Maurice Byarm: Funny story. My first professional fight. The announcer came back and asked me what my nickname was. I told him I donít have a nickname, just call me Maurice Byarm. So he said Ďalright whatever, weíll find somethingí. So the first fight I fought a guy out of Baltimore. The first two rounds, we were winning the fight clearly. Before the round, I came to my seat and the trainer told me Ďthis fight ainít going past three roundsí. So the third round I came out and just pummeled the guy. When the announcer held my hand up, he said ĎMAURICE THE FREIGHT TRAINNNN BYNUMí! And that was the start of the Freight Train.
Chip Mitchell: WOW!
Maurice Byarm: Itís a cool story, you know? Itís funny because you know how they say you donít make your own nickname you earn your own nickname. Itís kinda cool that I earned mine, you know what I mean?

Chip Mitchell: Describe your fighting style to readers out there who have never seen you fight.

Maurice Byarm: Iím gonna say aggressive. I believe in controlled aggression. Iím gonna put the pressure on you. Iím gonna check your gas tank. Thatís the first thing I like to do is check to see if another person is in as good shape as I am. And if we are both in great shape, then letís show the fans a good time, you know what I mean? So I like to say Iím aggressive, but I like to control it, you know what I mean?

Chip Mitchell: Who do you consider your favorite boxers, past or present?

Maurice Byarm: My favorite boxer I would have to sayÖ. Evander Holyfield. Of course I have a lot of favorite boxers from Philadelphia, Gerald NoblesÖ
Chip Mitchell: The Jedi?
Maurice Byarm: The Jedi! Exactly! Heís one of the main reasons I came to Washington, DC to fight.

Chip Mitchell: Okay, now you are from Philadelphia, PA, correct?

Maurice Byarm: Born and raised!

Chip Mitchell: For those on the outside looking in, Philly is viewed as the City of Brotherly Love or as the place where the Declaration of Independence was adopted. However, for those who know better, Philly has some very tough sections. How was it growing up in the area?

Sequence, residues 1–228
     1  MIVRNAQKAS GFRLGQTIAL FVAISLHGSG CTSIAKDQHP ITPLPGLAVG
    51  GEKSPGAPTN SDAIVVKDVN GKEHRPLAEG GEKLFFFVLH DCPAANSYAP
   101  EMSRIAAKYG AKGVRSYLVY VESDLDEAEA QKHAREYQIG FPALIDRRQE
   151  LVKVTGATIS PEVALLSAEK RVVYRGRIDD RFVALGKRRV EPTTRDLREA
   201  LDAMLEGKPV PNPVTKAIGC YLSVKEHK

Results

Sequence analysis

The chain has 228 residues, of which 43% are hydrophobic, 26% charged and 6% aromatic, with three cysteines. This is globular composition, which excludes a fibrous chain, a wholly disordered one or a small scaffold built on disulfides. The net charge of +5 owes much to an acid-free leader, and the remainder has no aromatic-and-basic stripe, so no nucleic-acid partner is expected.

Maurice Byarm: I was born in South Philadelphia but I kinda migrated to North Philadelphia and raised myself down there. I donít want to sit back and make it seem like my story is worse than anybody elseís is. There are millions of people out there with the same story that I had, you know what I mean? But, you know, from where I grew up at it definitely taught me a lot of heart because there were a lot of things I had to do. I couldnít let my emotions show, you know, no matter how scared or anything. There were a lot of things that I felt I had to do at that time. I donít praise those moments but now that Iíve turned a new leaf and Iím boxing, it definitely gives me an edge. I come to my fights with a million pounds of heart, you know what I mean?

Chip Mitchell: In closing, is there anything you would like to tell the millions of fans reading this transcript?

Maurice Byarm: I donít want to be cliche and say keep your eye on me or this and that. I would like to just say itís time for the heavyweight division to get its spark back. I believe that Iím the one to do that. I say this in all humility. You know, no cockiness or nothing like that butÖ I believe itís time for the heavyweight division to regain its position in the professional boxing rankings. We should get our spot back and I feel like that Iím the one thatís gonna do it. I feel like I need to bring some fans back to the heavyweights.

Thanks to ďThe CatalystĒ, Matt Yanofsky for facilitating this interview

Article posted on 10.12.2010